21 January 2009

Malaysian department recognises importance of seagrass

Official response to the call to conserve the lush seagrasses and marine ecosystems in Johor should be preserved, especially as they lie close to planned industrial developments, says a letter to The Star.
These shores lies across from the TeamSeagrass monitoring site at Tuas. Among the habitats mentioned were seagrasses and reefs at Pulau Merambong (here's more about this island). The area is also near on-going reclamation at Tuas.

The Star 21 Jan 09;
WE refer to the letter “Seagrass site of great value” (The Star, Jan 1) by Mah Hong Seng on his suggestion to the Department of Fisheries to gazette the Merambong seagrass site located close to Sungai Pulai (Gelang Patah), Johor.

The department has jointly with the Malaysian National Seagrass Committee published a book entitled National Seagrass Report Of Malaysia.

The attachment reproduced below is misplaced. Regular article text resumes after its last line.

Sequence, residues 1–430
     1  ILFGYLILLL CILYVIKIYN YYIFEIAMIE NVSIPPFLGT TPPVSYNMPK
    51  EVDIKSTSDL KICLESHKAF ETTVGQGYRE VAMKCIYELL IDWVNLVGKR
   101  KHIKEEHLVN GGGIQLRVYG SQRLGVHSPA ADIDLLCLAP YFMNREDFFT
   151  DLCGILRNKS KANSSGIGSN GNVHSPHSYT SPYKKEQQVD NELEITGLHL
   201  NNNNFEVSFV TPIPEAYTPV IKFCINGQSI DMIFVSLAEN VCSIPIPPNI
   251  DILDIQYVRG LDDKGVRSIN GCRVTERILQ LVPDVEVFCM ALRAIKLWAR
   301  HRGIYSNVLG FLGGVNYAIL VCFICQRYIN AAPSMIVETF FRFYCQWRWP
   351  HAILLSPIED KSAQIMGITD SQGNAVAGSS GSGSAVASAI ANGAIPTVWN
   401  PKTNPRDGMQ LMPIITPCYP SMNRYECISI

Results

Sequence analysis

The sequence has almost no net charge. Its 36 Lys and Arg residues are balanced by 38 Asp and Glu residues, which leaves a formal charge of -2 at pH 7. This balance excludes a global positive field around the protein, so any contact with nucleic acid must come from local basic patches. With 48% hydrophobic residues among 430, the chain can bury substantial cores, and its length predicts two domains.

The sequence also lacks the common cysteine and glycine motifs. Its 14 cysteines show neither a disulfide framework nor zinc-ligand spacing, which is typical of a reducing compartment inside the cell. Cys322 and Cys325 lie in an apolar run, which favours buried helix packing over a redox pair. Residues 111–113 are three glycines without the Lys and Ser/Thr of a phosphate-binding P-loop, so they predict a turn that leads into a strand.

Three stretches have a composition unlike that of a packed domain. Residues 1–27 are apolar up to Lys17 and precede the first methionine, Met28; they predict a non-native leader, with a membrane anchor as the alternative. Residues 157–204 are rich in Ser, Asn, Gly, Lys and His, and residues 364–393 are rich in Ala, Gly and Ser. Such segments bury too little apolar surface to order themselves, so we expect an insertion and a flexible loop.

The report is the outcome of a project collaboration with the United Nations Environmental Program-GEF conducted during 2003-2006.

About 30ha of seagrass are estimated at the Merambong site. We fully agree that the seagrass ecosystem is a very important habitat for many commercially important species of fishes, shrimps and shellfish.

In fact, seagrass is recognised as essential food for dugongs, sea horses and sea turtles.

At the moment, the seagrass is partly protected in marine parks, state parks, fisheries protected areas (i.e. Pulau Talang Talang, Sarawak), mangrove forest reserves and also a Ramsar site (i.e. Sungai Pulai).

The department fully supported the idea of gazetting these areas as marine protected areas. Apart from encouraging the development of the fishing and aquaculture industry, the department will always be aware of the responsibility to protect ecosystems that support the fisheries sector.

Halijah Mat Sin,
Public Relations Officer,
For the Director-General, Department of Fisheries Malaysia.

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